Be still a Man
Written by Michael Fenty
The scenes in this rehearsed reading are from a work in progress about David Hume an eighteenth-century Scottish Enlightenment philosopher, who spent his earlier years at Ninewells near Chirnside, Berwickshire, and was considered to be ‘the greatest philosopher to write in the English language.
The title is from one of his famous quotes: ‘
‘Be a philosopher, but amid all your philosophy, be still a man.’
The cast are preparing the play, rehearsing the scenes under the eye of a director. Hume is seen as tutor, soldier, diplomat, government official, cook and philosopher. Hume watches the cast and director from the wings as he writes his autobiography.
David Hume was influenced by his great friend Adam Smith the economist but also Kant, Kierkegaard, Hegel, Rousseau and his ideas percolated down to later thinkers in different fields such as Charles Darwin and Albert Einstein and, as can be heard in his conversation with a so-called lunatic, Annandale, quantum theory!
He was more than a philosopher. He was an economist, an historian, a writer, a diplomat, a government administrator and colonial governor. At one time he had been a soldier and later in life, strangely, given his station and background, he became a cook. He was a lover of the good things in life...good company...good wine... and good food. He loved the ladies and they loved him. He was no matinee idol. He was described as “broad and fat, his mouth wide, and without any other expression than that of imbecility…the corpulence of his whole person was far better fitted to communicate the idea of a turtle-eating alderman than of a refined philosopher.”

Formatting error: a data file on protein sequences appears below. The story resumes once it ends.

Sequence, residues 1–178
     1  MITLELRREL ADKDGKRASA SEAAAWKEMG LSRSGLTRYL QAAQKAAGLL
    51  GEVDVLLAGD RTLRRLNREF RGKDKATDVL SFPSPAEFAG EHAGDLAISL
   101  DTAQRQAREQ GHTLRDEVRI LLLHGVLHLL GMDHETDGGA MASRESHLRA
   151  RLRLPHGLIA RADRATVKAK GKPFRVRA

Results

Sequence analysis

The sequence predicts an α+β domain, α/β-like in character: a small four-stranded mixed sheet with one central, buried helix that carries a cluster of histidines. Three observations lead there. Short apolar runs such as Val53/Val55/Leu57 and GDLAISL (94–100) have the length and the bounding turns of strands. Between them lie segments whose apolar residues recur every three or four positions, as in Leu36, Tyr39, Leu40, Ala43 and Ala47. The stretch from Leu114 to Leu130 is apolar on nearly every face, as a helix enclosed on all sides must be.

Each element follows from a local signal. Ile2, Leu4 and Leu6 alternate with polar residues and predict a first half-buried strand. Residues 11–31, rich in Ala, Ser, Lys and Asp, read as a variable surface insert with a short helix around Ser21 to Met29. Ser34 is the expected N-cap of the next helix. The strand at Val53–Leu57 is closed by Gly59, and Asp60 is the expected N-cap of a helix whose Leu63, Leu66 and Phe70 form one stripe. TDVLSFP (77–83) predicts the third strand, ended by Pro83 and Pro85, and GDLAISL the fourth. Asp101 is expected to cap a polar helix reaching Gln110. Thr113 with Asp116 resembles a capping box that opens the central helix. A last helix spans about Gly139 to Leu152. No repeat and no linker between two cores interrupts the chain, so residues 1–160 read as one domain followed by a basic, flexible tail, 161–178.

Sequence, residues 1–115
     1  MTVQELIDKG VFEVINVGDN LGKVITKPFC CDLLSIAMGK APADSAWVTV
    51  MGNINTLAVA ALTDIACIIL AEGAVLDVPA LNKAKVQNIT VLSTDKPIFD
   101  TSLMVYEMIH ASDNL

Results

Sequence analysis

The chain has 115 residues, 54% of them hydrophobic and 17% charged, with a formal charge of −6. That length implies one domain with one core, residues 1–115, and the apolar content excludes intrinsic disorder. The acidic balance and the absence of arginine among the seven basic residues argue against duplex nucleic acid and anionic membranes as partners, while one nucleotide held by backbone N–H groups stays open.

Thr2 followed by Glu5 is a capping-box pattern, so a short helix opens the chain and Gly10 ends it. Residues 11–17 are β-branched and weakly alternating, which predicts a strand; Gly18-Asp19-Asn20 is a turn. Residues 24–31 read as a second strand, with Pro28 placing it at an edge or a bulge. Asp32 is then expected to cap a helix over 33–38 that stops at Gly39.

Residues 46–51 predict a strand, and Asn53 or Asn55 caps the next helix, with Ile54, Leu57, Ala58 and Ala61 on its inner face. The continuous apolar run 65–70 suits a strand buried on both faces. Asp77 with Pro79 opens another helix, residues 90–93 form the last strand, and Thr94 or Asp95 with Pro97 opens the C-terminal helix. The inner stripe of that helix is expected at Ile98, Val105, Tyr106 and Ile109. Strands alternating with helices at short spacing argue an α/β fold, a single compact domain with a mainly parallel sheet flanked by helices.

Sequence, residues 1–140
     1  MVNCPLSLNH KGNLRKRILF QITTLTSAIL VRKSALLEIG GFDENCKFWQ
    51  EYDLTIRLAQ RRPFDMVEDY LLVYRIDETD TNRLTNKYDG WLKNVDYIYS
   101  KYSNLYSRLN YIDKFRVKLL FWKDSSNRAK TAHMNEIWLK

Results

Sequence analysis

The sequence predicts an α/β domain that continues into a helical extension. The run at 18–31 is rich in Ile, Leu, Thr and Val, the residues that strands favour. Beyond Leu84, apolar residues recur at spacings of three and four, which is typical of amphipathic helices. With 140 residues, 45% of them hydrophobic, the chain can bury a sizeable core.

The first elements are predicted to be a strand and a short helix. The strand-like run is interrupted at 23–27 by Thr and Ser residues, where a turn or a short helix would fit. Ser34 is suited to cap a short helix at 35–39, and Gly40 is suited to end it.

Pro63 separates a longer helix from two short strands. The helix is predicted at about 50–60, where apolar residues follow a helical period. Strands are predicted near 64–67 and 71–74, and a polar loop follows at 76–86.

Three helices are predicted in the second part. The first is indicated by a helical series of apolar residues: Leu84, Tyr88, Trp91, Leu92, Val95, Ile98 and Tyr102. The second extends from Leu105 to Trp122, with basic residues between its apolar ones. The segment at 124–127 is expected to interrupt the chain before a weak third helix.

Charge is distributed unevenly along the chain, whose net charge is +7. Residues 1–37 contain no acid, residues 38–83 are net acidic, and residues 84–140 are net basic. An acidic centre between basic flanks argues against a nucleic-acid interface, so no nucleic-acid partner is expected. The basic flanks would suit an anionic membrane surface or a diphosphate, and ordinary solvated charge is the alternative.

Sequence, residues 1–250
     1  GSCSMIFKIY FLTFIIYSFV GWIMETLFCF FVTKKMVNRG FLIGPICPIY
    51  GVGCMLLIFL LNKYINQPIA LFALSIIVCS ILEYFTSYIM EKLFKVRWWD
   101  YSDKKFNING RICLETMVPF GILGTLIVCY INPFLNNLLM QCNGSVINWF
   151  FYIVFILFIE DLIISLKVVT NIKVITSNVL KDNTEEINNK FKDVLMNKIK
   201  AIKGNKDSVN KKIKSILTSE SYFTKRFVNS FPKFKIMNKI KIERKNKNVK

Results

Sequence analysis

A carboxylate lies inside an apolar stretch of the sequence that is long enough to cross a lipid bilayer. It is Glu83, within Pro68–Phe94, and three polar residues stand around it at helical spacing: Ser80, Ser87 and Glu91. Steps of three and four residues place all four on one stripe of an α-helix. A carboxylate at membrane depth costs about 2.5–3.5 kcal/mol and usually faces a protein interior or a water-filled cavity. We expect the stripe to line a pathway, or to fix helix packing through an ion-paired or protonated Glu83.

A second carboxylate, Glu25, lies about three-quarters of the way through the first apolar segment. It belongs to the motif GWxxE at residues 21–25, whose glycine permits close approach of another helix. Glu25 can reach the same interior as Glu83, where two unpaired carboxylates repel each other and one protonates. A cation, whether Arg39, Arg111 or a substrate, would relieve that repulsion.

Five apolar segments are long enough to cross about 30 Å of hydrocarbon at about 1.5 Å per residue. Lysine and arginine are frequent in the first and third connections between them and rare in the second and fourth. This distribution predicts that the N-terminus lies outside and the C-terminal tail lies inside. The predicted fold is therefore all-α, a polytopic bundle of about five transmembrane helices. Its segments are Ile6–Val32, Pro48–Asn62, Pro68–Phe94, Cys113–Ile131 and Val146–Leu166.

Hume never lost his Borders accent.
The ladies loved him as he paid them the compliment, in a male dominated society, of taking their views and opinions seriously.